Despite being insanely toxic and requiring special handling, mercury was once used by scientists in a variety of very different ways. In the early 20th century mercury was often administered regularly as a laxative and dewormer for children as well as being used as an active ingredient in teething powders for young infants. Additionally, traditional medicine saw it being used for all conditions ranging from constipation and toothaches to depression and child-bearing. One of its most famous medical applications is the use of mercury in treating syphilis, which actually does help fight the disease. This is because one of the side effects of being dosed by mercury is a high fever, which syphilis is highly sensitive to. However, mercury poisoning also has the added bonus of frequently causing insanity and death, not dissimilar to the disease it was often used to treat. So before you crack open the thermometer as a home remedy, maybe seek a professional’s opinion first.
3. World Ice Theory (Welteislehre)
In 1984 Hanns Horbiger proposed a concept in which all substances in the cosmos came from ice. Ice moons, ice planets and everything ice in between. Unlike most scientists on this list who were perhaps lacking in evidence to disprove them otherwise, Hanns came to this theory with no research, but through a vision. His dream immediately discredited Newton’s Law of Gravity (according to Hans at least). He worked with amateur astronomers to flesh out his theory before happily publishing his ideas. According to the theory, the solar system began when two stars collided. The impact of this caused fragments of the smaller, wetter star to be blasted out into space where it froze into giant blocks of ice; forming what we now know as the Milky Way as well as a bunch of other solar systems. The planets were formed when large chunks of ice collided with each other whilst the smaller blocks are what we know as meteors. When these collide with the Earth, they produce hailstorms. As suspected, academics paid little attention at first to his theory. Nevertheless, a segment of the general public actually began supporting his ideas in such strength that societies were founded, pamphlets were handed out and even a newspaper was published. Strangely enough, it began to spread into politics. Adolf Hitler was a firm believer and even adopted this theory as the Nazi Party’s official cosmological belief. After the end of World War II, this theory pretty much lost any support it once had. But be warned, there is still a small cult of followers out there, trying to melt away all scientific evidence which could leave their beliefs out in the cold.
2. Germ Theory
We all know the importance of washing our hands before preparing food, and we know that this simple task is also very important when it comes to performing surgery. This wasn’t always the case. Once upon a time the common belief amongst doctors and surgeons was that a gentleman’s hands were always clean, thus did not need to be washed. As you can probably guess, mortality rate was quite high. Ignaz Semmelweis, a Hungarian physician, noticed that when it came to birthing, two hospitals had very different death rates. The hospital for the poor, and therefore staffed by midwives, had far fewer cases of puerperal fever than the hospital staffed by the best doctors around. This seemed completely against common sense as the physicians were presumed to better trained than the midwives. He noticed that the physicians were doing autopsies on women who had died during childbirth with puerperal fever and then heading over to the operating room to deliver babies. Semmelweis concluded that the doctors were somehow poisoning the women, and at first he believed it was due to some sort of toxic chemical (we now know as germs). He concluded that the best way to prevent this was by washing the ‘toxin’ off. His theory paid off and mortality rates in the hospitals dropped to nearly the same rate (and also proved the midwives were just as effective as delivering babies as the doctors!). Although this should have made him into a well published scientist, his career didn’t quite go as planned. His ideas were rejected by the medical community when he could offer no acceptable evidence or explanation, and they weren’t excited to be told their hands were in need of a cleaning. His eventual breakdown had him committed into an insane asylum for the remainder of his life.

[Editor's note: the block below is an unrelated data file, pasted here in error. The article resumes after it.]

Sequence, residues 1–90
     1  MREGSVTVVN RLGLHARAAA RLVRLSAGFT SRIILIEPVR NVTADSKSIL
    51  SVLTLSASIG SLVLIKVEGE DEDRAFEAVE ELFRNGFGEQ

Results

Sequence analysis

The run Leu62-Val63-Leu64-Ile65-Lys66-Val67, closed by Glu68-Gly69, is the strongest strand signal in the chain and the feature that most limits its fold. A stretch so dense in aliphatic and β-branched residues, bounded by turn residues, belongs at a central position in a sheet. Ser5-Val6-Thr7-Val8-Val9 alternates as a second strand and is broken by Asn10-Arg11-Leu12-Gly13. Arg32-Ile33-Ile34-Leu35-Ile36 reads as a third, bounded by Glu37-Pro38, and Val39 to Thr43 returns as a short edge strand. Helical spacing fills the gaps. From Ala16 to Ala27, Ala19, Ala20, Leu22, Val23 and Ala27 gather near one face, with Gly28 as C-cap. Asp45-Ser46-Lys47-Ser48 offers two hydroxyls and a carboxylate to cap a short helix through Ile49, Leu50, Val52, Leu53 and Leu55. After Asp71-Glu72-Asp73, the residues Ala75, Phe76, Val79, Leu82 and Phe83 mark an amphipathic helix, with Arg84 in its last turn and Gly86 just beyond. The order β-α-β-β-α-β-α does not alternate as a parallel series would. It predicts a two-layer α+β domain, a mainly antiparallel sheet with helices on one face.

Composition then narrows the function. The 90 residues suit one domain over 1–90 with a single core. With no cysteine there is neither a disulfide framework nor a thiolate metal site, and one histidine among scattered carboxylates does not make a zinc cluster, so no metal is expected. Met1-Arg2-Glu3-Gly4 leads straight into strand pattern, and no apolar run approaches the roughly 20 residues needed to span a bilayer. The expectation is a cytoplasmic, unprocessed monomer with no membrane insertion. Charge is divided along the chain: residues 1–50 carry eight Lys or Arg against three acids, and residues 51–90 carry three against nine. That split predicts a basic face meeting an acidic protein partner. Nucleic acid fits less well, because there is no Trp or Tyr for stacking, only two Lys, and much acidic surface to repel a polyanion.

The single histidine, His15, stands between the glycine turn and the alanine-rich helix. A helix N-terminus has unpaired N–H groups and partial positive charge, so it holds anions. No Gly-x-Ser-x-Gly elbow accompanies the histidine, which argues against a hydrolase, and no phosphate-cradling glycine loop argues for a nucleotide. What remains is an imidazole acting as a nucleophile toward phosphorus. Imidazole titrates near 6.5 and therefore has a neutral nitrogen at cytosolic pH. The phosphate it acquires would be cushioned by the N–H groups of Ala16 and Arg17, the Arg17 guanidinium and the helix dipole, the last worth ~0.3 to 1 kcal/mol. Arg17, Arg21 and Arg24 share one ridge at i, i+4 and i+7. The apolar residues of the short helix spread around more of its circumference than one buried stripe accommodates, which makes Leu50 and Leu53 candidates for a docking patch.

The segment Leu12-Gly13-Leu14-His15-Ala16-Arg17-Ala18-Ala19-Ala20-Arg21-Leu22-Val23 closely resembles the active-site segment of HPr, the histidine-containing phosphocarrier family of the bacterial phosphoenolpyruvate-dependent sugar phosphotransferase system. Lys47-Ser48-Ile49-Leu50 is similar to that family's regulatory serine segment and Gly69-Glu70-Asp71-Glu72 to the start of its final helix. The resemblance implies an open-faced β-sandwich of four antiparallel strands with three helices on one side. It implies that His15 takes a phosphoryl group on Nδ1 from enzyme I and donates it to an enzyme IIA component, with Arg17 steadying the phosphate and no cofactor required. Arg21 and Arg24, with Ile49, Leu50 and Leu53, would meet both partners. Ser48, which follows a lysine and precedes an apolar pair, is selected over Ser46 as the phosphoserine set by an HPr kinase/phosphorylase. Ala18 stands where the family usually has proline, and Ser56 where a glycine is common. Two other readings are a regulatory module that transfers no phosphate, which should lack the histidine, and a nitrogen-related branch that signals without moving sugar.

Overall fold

1. Lost Lands
Lost lands were believed to be continents, islands and regions which supposedly existed during the prehistoric era. It was thought that they had disappeared due to either a huge devastating geological event or because of the rising water level of the Ice Age. Although this now seems like the stuff of legend comparable to the fabled lost city of Atlantis, up until the late 1950s this was the central belief of scientists. When faced with similar fossils which had appeared thousands of miles across oceans, the easiest way to solve the reason for this distance was to draw a sunken bridge between the appropriate land masses on a map. At least six of these bridges were accepted as fact, all of which have since became obsolete and disproved. Alfred Wegener was among the first to observe how the different land masses of the Earth seemed to fit together like giant puzzle pieces, giving birth to the theory of Continental Drift. Whilst he attracted few supporters, his ideas were largely met with criticism and skepticism due to the top geologists being resistant to change and his lack of reason as to why the land masses had moved. The missing evidence he needed was tectonic plates. Like all good discoveries, these were found largely by accident. With the new invention of sonar, submarines during World War II spent a huge amount of time scouring the ocean depths, clearly showing the many plate boundaries. Although Wegener didn’t live long enough to see his theory became widely accepted, we’re sure he’d consider all their disagreements as water under the bridge by now.